I love the guy, but the vast majority of Iggy Pop's studio CDs are rarely worth bothering with. Sure, he's made some stunning albums – his work with the Stooges, his David Bowie-produced classics Lust For Life and The Idiot, but the rest of his work can be all over the place, a few good tracks mired in with a bunch of dross. To get the real Iggy, to get that molten-metal heat that only Iggy Pop can summon up, you've got to go with the live albums.
Iggy Pop boasts some fantastic live albums to his credit – the 1977 TV Eye Live, the unofficial Stooges live bootleg Metallic K.O., where you can actually hear the audience beginning to riot as Iggy struts, cusses and insults away at them. Now a show from 1981 joins the Iggy live parade, showing there's no Iggy quite like Iggy on stage.
Iggy Pop Live In San Fran 1981 isn't quite as essential as some of the other Iggy live discs, but it's a heck of a lot of fun, summoning up the chaos of Pop's best live shows.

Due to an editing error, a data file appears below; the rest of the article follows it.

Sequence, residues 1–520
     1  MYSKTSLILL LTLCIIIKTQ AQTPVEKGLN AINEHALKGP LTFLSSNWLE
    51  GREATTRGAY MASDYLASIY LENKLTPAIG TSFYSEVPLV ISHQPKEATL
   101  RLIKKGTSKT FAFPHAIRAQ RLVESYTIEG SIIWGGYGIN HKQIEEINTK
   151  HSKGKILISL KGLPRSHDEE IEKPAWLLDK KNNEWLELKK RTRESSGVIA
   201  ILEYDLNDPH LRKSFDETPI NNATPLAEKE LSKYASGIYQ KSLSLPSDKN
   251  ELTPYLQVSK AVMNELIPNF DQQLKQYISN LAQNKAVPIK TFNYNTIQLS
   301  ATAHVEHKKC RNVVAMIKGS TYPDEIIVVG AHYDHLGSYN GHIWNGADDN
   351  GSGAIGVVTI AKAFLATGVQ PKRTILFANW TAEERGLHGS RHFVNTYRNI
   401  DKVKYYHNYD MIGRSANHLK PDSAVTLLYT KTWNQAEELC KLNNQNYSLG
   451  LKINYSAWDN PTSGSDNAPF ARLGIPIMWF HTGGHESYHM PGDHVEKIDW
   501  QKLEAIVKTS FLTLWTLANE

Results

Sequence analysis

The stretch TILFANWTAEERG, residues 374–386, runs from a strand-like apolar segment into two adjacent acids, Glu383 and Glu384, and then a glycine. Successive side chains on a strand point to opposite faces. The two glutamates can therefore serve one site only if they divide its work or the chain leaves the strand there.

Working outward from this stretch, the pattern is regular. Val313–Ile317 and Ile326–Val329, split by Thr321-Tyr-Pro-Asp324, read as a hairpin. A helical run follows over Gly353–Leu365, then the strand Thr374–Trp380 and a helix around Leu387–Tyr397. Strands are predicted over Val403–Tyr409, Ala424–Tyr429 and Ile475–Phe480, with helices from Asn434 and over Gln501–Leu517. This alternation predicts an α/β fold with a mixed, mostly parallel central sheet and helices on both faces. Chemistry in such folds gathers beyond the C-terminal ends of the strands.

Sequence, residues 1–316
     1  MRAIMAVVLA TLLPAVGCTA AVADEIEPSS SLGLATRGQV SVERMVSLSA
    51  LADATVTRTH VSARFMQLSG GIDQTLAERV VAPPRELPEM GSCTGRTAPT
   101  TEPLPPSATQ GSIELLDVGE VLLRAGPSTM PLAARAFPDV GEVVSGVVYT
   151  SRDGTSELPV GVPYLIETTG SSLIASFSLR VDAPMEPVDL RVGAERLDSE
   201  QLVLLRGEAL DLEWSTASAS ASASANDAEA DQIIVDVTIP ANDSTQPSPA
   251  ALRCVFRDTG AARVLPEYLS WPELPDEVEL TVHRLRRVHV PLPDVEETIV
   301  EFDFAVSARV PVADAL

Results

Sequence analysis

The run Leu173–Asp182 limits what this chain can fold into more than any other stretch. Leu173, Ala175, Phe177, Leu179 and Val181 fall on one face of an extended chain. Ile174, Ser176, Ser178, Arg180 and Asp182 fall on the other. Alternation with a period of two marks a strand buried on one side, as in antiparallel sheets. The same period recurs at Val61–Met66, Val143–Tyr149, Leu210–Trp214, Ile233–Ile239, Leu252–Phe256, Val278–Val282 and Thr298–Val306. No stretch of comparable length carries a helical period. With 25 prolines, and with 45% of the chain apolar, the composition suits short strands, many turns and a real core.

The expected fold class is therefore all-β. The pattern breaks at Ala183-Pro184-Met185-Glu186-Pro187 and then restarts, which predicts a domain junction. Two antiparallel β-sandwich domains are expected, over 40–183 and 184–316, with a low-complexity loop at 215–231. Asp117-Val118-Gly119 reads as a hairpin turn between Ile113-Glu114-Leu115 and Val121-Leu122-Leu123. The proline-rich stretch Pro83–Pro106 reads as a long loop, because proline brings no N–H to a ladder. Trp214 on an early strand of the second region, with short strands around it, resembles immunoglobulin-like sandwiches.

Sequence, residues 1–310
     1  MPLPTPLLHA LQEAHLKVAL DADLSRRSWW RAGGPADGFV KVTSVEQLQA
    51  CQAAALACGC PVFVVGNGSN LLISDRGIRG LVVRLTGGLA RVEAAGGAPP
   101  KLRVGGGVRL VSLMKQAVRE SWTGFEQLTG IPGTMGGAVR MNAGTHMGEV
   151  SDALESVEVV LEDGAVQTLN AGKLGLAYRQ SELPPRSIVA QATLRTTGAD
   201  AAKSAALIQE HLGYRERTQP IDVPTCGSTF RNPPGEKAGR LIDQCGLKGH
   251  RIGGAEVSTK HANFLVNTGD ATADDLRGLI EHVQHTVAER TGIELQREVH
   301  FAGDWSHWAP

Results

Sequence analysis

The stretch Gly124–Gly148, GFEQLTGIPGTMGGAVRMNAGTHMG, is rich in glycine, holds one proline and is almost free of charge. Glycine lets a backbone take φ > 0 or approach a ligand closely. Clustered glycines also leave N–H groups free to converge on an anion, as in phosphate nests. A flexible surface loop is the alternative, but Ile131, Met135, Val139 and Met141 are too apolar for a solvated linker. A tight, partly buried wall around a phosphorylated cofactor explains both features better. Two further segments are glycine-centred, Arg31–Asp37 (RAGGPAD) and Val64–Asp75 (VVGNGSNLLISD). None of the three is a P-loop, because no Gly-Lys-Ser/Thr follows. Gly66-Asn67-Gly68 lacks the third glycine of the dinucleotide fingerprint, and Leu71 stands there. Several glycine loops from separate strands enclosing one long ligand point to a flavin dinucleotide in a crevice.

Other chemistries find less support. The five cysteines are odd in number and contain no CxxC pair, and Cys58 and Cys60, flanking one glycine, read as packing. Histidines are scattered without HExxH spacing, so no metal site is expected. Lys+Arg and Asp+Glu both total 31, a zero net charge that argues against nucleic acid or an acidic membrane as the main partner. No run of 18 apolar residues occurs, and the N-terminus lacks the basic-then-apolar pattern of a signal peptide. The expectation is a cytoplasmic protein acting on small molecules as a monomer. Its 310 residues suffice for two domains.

The disc follows a DVD of the same show released a few years back. He's backed by an excellent band including Blondie's drummer Clem Burke and David Bowie guitarist Carlos Alomar. The band thrashes around building up a terrific head of steam, turning vintage tracks like "Dum Dum Boys" and "1969" into a post-punk frenzy. Lesser-known numbers like "Eggs On Plate" and "Houston Is Hot Tonight" also get a go. The sound mix is solid, although sometimes Iggy's vocals get lost in the band's roar.
The 1980s were a strange decade for Iggy. By 1981 his fame was fading, he was mired in a drug addiction and released underwhelming albums like Party and Zombie Birdhouse. Later in the decade, he cleaned up and stumbled into a kind of mainstream success with polished tunes like "Real Wild Child" and "Candy" but his work also took on rather lost quality. His finest songs seemed to be behind him, but whatever was going on offstage, he still had the spirit to put on a good show, as Live In San Fran 1981 proves.
Also included on the disc are two rare "lost" studio tracks recorded with Cars frontman Ric Ocasek in 1983, "Fire Engine" and "Warrior Tribe."
They're interesting as curiosities, but neither of them are exactly essential – "Fire Engine" stands as one of the goofiest dumb songs Iggy Pop has ever recorded, and that's saying something. Live, though, I bet that track would set off the alarms.Powered by Sidelines